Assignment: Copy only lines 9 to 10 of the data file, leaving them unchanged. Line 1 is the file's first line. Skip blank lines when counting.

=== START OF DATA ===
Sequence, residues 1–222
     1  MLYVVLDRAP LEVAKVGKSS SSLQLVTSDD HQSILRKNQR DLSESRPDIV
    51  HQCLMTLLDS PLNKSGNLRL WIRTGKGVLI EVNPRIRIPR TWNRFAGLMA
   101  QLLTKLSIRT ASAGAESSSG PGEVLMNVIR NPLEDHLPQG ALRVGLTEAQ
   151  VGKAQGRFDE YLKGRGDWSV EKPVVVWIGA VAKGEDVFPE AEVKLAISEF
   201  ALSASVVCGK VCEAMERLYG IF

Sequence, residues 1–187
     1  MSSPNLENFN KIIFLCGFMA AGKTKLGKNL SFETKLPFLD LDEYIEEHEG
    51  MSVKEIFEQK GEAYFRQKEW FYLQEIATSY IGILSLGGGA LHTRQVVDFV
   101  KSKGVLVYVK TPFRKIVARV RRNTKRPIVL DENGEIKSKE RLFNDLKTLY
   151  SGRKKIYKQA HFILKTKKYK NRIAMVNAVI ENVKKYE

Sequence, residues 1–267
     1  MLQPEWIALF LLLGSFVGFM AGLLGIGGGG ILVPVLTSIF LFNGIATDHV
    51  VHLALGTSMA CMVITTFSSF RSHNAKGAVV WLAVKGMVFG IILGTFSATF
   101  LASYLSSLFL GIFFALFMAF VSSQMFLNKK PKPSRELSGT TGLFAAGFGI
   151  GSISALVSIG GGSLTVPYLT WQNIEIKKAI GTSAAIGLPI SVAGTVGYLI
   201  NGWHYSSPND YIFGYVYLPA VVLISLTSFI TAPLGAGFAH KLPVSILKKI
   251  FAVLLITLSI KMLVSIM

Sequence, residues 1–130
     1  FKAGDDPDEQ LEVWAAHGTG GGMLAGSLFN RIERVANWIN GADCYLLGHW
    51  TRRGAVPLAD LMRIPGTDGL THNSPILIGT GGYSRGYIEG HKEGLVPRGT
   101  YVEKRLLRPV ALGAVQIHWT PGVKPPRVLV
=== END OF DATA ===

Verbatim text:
    51  MSVKEIFEQK GEAYFRQKEW FYLQEIATSY IGILSLGGGA LHTRQVVDFV
   101  KSKGVLVYVK TPFRKIVARV RRNTKRPIVL DENGEIKSKE RLFNDLKTLY